Unlike most children her age, eight-year-old Sarah Auger loves to read. And on her 20 minute commute home on the school bus, the young girl from St-Jean-sur-Richelieu, Quebec would occupy her time by digging herself into a good book. That is until her school bus driver implemented a no-reading rule.
According to reports, Sarah’s school bus driver recently told her she’s no longer allowed to read onboard the bus because of the safety risks it poses to others. He suggested that by reading on the bus, Sarah might accidentally cause injury to herself by poking herself in the eye or tempting other students to stand up to see what she’s reading while the vehicle is in motion.
As soon as he heard the news, Sarah’s father, Daniel Abel, complained to the school board. “I find it stupid and useless,” he told the CBC, adding that he’s proud his daughter likes to read and thinks it should be encouraged. But unfortunately for him, they didn’t take his side.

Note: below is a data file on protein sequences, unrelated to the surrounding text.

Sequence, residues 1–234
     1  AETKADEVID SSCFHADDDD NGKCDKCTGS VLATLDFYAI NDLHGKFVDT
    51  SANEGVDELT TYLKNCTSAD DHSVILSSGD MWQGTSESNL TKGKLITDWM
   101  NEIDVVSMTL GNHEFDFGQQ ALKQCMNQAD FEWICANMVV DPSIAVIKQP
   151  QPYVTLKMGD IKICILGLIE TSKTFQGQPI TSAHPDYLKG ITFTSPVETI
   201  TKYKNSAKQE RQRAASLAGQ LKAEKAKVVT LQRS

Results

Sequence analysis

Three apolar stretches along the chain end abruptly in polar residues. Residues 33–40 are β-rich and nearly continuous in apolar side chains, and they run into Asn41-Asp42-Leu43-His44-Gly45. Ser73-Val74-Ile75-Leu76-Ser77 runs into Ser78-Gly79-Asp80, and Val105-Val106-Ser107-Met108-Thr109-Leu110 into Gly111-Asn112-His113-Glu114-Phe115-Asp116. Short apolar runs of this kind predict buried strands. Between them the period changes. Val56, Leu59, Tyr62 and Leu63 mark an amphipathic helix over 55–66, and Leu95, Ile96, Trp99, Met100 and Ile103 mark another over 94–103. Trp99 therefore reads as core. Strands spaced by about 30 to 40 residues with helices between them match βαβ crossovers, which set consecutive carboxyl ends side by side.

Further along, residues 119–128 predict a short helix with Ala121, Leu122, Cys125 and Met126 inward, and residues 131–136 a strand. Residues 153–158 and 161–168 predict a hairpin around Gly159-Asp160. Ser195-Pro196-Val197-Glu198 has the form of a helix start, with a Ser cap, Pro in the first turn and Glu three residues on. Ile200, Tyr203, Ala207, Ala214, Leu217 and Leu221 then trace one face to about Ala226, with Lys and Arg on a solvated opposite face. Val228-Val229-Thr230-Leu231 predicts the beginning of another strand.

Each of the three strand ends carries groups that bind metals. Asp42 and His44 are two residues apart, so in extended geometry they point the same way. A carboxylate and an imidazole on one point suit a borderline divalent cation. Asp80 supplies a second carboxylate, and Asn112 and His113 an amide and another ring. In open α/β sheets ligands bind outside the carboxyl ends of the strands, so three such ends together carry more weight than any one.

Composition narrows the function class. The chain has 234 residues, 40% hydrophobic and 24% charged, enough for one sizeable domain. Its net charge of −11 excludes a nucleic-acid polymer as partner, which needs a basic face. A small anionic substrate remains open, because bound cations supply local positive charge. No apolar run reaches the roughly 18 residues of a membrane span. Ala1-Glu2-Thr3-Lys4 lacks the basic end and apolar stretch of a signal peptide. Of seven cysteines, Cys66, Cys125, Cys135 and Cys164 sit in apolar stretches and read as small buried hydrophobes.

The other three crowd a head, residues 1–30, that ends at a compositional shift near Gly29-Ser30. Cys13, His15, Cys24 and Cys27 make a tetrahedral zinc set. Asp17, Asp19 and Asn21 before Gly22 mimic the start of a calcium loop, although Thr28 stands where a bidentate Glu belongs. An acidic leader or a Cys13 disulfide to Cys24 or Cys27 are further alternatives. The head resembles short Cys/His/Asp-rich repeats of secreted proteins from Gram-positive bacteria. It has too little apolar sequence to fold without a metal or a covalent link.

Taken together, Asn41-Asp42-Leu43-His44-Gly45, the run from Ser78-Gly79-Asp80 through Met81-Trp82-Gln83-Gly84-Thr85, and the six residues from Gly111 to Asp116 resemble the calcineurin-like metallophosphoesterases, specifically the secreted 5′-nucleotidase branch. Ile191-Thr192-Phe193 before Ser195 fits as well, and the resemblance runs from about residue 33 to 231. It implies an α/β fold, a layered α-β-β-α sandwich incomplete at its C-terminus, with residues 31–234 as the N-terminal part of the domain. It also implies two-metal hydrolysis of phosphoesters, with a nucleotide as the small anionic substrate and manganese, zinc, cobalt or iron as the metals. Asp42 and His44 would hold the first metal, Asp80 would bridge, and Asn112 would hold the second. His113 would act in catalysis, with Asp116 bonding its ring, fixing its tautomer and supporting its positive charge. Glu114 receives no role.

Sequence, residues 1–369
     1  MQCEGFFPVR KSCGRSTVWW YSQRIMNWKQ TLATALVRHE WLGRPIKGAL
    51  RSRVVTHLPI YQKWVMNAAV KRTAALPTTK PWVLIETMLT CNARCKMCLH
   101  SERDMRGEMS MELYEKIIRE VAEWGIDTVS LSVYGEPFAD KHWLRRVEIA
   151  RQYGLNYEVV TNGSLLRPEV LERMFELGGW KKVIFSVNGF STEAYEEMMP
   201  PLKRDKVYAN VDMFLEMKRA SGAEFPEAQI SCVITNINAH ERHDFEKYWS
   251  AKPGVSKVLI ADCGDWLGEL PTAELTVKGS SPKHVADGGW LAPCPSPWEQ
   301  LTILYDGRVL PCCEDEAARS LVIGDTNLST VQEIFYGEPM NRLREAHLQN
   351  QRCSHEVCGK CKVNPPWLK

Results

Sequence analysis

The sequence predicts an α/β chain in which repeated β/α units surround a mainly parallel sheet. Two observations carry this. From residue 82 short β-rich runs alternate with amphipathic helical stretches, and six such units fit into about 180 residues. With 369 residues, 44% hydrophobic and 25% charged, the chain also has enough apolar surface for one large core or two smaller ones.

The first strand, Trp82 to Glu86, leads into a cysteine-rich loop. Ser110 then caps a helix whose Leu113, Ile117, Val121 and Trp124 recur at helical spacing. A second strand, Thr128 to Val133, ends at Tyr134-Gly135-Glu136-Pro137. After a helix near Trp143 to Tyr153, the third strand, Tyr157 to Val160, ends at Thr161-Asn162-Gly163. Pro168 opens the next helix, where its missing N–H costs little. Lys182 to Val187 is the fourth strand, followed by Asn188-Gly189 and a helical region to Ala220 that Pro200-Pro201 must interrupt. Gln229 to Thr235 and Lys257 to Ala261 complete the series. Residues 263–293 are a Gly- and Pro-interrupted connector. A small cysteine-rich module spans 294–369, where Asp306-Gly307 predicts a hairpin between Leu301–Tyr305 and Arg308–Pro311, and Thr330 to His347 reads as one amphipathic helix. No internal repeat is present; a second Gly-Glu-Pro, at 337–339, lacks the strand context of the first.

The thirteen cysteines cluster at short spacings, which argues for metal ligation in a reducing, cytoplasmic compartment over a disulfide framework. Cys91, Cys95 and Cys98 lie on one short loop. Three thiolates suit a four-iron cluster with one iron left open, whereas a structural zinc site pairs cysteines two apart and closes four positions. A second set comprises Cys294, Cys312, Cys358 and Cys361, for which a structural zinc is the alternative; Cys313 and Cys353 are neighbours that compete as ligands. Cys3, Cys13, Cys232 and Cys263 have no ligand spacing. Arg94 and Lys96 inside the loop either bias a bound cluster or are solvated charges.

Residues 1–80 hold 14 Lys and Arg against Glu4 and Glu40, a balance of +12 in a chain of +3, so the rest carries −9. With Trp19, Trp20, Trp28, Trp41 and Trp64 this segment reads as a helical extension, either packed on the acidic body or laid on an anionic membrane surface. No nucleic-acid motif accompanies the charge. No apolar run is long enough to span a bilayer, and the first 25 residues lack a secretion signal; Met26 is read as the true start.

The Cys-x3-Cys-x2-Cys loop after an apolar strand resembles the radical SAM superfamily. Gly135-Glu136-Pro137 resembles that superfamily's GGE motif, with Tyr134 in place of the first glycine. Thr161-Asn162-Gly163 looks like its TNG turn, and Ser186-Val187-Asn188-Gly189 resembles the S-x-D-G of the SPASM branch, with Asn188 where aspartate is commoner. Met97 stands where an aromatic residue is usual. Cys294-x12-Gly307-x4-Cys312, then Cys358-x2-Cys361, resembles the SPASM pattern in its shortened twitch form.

In a statement issued by the school board on Tuesday, they said that it is “a school-bus driver’s responsibility is to transport students safely.” They said that while reading “obviously” doesn’t pose a serious safety risk, the driver is still permitted to make his own rules on the bus. “Any object, be it a book, a toy or electronic device can be a potential danger when a young child … gets up to go and get it while the bus is in motion,” they added in the driver’s defence. They also noted that according to policy, students must keep all belongings, including books, in their bags for the duration of the commute.
However, in an effort to remain fair, the school board finished off by stating their plans to revisit these rules in hopes to reach a “balance” for all the parties involved. But it seems like until then, poor Sarah can’t read on her way home.